What do the two roads symbolize?What do the two roads symbolize?

10 Answers | Add Yours

brettd's profile pic

Posted on (Answer #2)

What has made this piece so well known is how the two roads can come to symbolize any major choice a person may make in their lives.  It also leaves it up to the reader as to whether or not taking the road less traveled is the better choice, since "and that has made all the difference" doesn't suggest whether it was positive or negative difference.

accessteacher's profile pic

Posted on (Answer #3)

I agree with #2. It is clear that there is no direct symbolism in the poem that links the roads to specific major life choices. This is its beauty and genius, as we are free to think of any of our major life choices ourselves when we consider the two roads that the speaker chooses between. It could be anything: to marry or not to marry, a particular job over another profession etc.

pohnpei397's profile pic

Posted on (Answer #4)

I don't agree that this poem is really about the importance of our life choices.  Instead, I would argue that it is about how we think our choices are important even when they're not.

Please note that there is not really any difference between the two roads.  The narrator, at the time of his decision, keeps talking about how they really are quite similar.  He will, however, look back at the decision and say that it made all the difference.  So I do agree about what the roads stand for in terms of choices.  But I don't think the overall message is about the importance of those choices.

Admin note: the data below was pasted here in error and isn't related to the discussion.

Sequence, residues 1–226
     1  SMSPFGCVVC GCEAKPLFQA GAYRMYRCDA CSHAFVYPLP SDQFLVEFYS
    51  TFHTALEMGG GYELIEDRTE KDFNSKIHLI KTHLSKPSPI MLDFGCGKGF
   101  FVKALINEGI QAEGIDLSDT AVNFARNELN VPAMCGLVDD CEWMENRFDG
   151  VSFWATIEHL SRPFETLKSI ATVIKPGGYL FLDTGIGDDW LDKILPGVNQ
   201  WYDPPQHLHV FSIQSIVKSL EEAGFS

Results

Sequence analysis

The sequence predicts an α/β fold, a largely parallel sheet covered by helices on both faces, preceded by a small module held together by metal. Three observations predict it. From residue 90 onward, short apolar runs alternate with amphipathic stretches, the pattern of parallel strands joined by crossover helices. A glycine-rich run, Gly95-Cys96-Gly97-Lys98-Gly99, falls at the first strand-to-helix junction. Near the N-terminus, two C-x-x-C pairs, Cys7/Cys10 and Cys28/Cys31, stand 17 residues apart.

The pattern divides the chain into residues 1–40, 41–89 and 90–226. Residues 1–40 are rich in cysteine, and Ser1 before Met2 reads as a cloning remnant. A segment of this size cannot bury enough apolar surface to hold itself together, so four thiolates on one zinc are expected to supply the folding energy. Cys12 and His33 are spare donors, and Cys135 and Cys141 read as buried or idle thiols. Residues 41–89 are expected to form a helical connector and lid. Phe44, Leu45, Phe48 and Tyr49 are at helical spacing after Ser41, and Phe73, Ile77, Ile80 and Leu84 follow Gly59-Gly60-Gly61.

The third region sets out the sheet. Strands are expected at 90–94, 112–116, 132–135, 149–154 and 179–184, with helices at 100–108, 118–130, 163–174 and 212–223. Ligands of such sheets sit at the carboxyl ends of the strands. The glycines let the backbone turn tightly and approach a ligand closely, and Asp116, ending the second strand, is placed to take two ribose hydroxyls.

litteacher8's profile pic

Posted on (Answer #5)

The poem is definitely about choice.  People often interpret this poem as promoting individualism.  Choose differently than others.  I agree that it is open to interpretation.  I think we need to allow people to interpret the poem as they will.

literaturenerd's profile pic

Posted on (Answer #6)

I feel like the more responses that one gets which mirror others the more comfortable one becomes with looking at it in the same way. I agree that the poem focuses upon choice. I tend to agree with pohnpei the most though. The way which one thinks about choices is far more important than the choice itself.

mwestwood's profile pic

Posted on (Answer #7)

According to Robert Frost himself, this poem is about a friend with whom he often walked.  Edward Thomas was incapable of deciding which path they should take; then, after they finally went down one, he worried that the other might have been more scenic and pleasurable to walk upon.  In this poem that has come to be interpreted as so profoundly symbolic, Frost may have simply been satirizing a friend who has trouble making even mundane choices.

vangoghfan's profile pic

Posted on (Answer #8)